Education Opinion

Reading List: The History of Testing and Measurement

By Jack Schneider — July 14, 2014 4 min read
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Since I’m off on vacation, I’ve asked Ethan Hutt—Assistant Professor of Education at the University of Maryland—to step in with a guest post.

You can never have too many book recommendations for summer reading—especially now that the Game of Thrones season is over and you’ve probably already watched every episode of Orange is the New Black twice. Jack was kind enough to ask me whether I would contribute my own “summer reading list” and I am more than happy to oblige. Since he has already provided you with an excellent set of books on Why Reform Fails, I thought I would provide a list of readings in an area that I spend a lot of time thinking (and worrying) about: the history of testing and measurement.

Given how much of education policy now turns on or is generated in response to the numbers and metrics produced by tests, I think this is a very important area to think about if you care about our schools. So here you go, 5, admittedly eclectic, selections for your summer reading enjoyment:

  1. The Mismeasure of Man by Stephen Jay Gould—this book is a classic and a good starting point for the uninitiated. Gould walks through some of the major scientific endeavors to measure man—his mind, his biological traits, and how they might be linked—including craniometry (the attempt to link skull size to intelligence), IQ testing, and other efforts to quantify man’s general intelligence. As with many good works in the history of science, Gould shows how tightly linked cultural values of both scientist and society are to the scientific pursuits of the time. It is hard to come away without wondering about the ways in which our cultural values continue to pervade our objective science in ways that we can’t see now but historians of the future will spend their careers pointing out.
  2. Testing Wars in the Public Schools: A Forgotten History by William Reese—while Gould is interested in efforts to study the biological dimensions of intelligence, Reese provides us with an introduction to the origins of testing in schools. As Reese shows, standardized tests have been a part of public schools for a very, very long time (try 1845). During that time reformers have used tests and test scores as a political tool—as a critique of current system and as an argument for the superiority of the reformer’s agenda. Given the frequency with which debates about standardized tests dominate discussions about our schools—whether it’s NAEP, PISA, or the forthcoming CCSS tests—this book provides some important historical perspective on the possibilities and limits of tests to achieve reform. That and the book has received some strong reviews by some pretty smart people.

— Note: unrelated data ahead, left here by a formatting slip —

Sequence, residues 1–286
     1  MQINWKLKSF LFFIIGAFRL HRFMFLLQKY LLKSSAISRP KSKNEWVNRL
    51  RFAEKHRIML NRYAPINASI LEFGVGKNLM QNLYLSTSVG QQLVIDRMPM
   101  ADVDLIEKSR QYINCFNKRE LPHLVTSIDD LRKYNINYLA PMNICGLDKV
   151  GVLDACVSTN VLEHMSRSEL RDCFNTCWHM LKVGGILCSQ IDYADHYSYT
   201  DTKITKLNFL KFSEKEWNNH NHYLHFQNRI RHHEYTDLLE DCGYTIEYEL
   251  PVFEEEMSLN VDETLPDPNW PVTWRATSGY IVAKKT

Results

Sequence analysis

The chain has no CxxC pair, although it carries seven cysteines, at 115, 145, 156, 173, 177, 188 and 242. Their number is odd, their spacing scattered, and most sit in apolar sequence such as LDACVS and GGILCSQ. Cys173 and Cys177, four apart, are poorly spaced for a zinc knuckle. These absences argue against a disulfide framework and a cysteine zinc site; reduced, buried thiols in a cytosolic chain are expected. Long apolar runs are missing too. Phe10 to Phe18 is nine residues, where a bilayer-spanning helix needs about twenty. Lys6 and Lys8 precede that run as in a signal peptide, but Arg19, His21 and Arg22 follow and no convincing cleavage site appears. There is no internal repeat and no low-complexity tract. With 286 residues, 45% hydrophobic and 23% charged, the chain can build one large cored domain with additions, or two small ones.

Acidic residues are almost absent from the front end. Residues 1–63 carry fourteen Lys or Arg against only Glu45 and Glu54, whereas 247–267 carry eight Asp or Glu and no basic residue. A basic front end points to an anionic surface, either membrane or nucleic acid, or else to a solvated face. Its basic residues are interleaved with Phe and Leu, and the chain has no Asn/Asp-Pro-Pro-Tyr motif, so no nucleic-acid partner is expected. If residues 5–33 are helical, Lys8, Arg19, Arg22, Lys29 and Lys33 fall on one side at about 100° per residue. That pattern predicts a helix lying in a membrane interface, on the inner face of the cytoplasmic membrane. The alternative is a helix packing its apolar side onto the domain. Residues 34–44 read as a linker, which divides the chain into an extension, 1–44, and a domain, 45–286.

3. Merit: The History of a Founding Ideal from the American Revolution to the Twenty-First Century by Joseph Kett—one complaint I hear a lot these days is about the narrowing of what we value in schools and, perhaps, more broadly in society. This new book by historian Joseph Kett helps provide a broader perspective on this issue by putting the concept of “merit” into historical perspective. One key tension throughout this history is how merit should interact with other strongly held cultural values like equality and whether merit adheres to a person, to effort, or to the institutions we associate with.
  4. Trust in Numbers: The Pursuit of Objectivity in Science and Public Life by Theodore Porter—if you have ever wondered why quantitative information holds such cultural sway in America, then this is the book for you. Porter examines this question by drawing examples from a wide range of fields including cost-benefit analysis, laboratories, accounting, etc to argue that the spread of numbers in our society has less to do with the triumph of numbers driven objective science and more to do with the social and political pressures of needing to communicate. Numbers, in other words, are a powerful rhetorical strategy, one that is especially useful in fields with weak professional expertise. Where professional trust is low, our trust in numbers, Porter argues, tends to flourish.
  5. The Averaged American: Surveys, Citizens, and the Making of a Mass Public by Sarah Iago—this selection might seem further afield than the other recommendations but it is definitely worth your time. While most books about measurement and categories tend to focus on the construction of the phenomenon itself, Iago shifts the focus and asks how Americans responded to and interacted with the idea of the “average American"—a concept made possible only through the mass aggregation of data. Examining the public response to the famous Middletown study, early Gallup Polling, and Kinsey’s reports on human sexuality, Iago shows how these research projects, and the concepts they produced, reshaped the imagination and identities of Americans around the country by providing a foil for judging normalcy or conventional wisdom. Though “big data” has replaced the quaint surveys of the Middletown and Gallup polling, we would all be wise to remember how social science constructs not only “make up people"—to use Ian Hacking’s phrase—but those “people” interact and change real people in important ways.

Those are my suggestions for interesting and thought-provoking reading on the history of testing and measurement. Hope you enjoy these books as much as I do.

The opinions expressed in K-12 Schools: Beyond the Rhetoric are strictly those of the author(s) and do not reflect the opinions or endorsement of Editorial Projects in Education, or any of its publications.